As the name suggests, champagne comes from France. The growing area has been strictly regulated since 1927. It covers a little more than 33,000 hectares and is called Champagne. This area is located in the northeast of France and includes the regions of Aisne, Aube, Haute-Marne, Marne and Seine-et-Marne. It extends for more than 150 km and one cannot speak of a homogeneous area. In addition, there are different soil types. Therefore, Champagne is divided into different wine-growing areas. Among the most important are the Montagne de Reims, Cote des Blancs, Cote des Bar and Vallee de la Marne. Recently, the enlargement of the production area has been considered.
Which grape varieties can be used for Champagne?
In a sparkling wine called Champagne, basically only three grape varieties are used. These are the white grape variety Chardonnay and the red grape varieties Meunier and Pinot Noir. Other grape varieties are mentioned in the approval criteria, which are practically hardly used today. The blend of these varieties determines the character of the champagne. Experts believe that it is the interplay of the varieties that gives the sparkling wine its special taste. By the way, only the grape juice and not the skins with the color-giving pigments are used for the production of a champagne.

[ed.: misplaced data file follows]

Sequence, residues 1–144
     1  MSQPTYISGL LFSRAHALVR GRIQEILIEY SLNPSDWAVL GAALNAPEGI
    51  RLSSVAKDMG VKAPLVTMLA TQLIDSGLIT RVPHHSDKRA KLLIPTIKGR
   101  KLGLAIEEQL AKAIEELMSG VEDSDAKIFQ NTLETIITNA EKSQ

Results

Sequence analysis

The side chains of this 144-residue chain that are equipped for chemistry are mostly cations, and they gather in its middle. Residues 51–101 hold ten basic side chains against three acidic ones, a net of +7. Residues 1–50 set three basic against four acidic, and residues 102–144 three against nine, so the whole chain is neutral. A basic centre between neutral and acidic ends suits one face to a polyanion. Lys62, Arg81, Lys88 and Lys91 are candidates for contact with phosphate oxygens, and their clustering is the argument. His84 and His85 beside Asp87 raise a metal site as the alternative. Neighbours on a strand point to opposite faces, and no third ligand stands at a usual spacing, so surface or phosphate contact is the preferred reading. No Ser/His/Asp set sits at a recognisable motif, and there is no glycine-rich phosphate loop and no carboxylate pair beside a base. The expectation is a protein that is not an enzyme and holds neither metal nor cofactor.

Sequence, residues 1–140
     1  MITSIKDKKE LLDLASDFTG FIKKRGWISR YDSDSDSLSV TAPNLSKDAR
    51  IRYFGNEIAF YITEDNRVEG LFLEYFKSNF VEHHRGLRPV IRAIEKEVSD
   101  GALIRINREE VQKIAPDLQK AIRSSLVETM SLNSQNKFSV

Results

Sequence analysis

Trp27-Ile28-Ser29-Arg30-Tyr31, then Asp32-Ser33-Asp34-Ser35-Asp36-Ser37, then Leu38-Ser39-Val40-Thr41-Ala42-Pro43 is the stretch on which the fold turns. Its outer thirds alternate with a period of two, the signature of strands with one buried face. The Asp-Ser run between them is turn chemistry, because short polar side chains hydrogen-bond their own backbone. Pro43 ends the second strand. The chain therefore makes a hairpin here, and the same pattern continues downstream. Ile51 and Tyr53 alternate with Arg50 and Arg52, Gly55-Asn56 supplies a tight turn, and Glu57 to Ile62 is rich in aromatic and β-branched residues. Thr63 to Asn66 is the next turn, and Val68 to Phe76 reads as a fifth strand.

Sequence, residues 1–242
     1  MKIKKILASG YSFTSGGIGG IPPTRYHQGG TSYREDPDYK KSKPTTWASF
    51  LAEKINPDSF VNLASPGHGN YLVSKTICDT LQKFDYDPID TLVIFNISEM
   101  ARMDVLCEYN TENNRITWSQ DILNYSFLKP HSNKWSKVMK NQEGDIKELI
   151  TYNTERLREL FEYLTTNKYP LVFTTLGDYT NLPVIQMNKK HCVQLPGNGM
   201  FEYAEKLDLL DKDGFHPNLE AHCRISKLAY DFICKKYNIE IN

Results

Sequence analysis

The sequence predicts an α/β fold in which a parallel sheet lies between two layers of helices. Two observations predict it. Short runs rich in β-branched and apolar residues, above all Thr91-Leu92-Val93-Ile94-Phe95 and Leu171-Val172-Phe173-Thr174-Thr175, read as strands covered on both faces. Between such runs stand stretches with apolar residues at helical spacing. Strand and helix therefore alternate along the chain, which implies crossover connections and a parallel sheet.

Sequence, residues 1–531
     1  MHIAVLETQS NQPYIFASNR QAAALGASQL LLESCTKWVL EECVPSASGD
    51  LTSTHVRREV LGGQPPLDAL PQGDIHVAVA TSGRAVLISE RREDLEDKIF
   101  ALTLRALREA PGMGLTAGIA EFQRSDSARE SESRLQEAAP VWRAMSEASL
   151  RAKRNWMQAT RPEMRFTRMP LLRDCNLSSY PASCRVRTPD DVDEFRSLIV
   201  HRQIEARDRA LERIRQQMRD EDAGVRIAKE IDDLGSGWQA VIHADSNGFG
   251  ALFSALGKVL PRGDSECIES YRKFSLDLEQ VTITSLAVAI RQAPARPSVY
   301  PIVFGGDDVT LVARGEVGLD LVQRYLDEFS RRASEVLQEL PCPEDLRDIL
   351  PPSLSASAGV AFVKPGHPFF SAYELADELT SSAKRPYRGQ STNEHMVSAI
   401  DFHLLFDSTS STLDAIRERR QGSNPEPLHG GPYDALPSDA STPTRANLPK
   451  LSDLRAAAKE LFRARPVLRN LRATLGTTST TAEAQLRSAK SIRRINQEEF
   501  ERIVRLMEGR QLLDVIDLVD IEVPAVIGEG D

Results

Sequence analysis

Special features of the grape
If you want to buy a particularly rare champagne, look around the champagne store for the specialties Blanc de Blancs and Blanc de Noirs. A Blanc de Blancs is a champagne that consists only of light grape varieties. It develops a particularly exquisite aroma after a long storage period. A Blanc de Noirs, on the other hand, is made exclusively from red grapes. The grapes are pressed immediately after harvest. This results in a full-bodied sparkling wine.
What should be considered in the cultivation, harvesting and pressing of champagne?
The quality criteria for a champagne do not only refer to the growing area. Strict standards also apply to the cultivation itself, the grape harvest and pressing, which must be met if the product is to bear the Champagne designation. Although the planting density in Champagne is particularly high, with up to 8000 vines per hectare, the harvest yield per hectare is regulated. In normal years, the yield is 15500 kg per hectare. The grapes are harvested only by hand. The red grapes must be pressed quickly. Otherwise, the red colorants of the skins also settle into the base wine. During pressing, the first must is also qualitatively distinguished from the multiple-pressed remainder. The special climatic conditions of Champagne contribute to the slow ripening of the grapes. Through this, the fine structure of the champagne is emphasized.
The fermentation process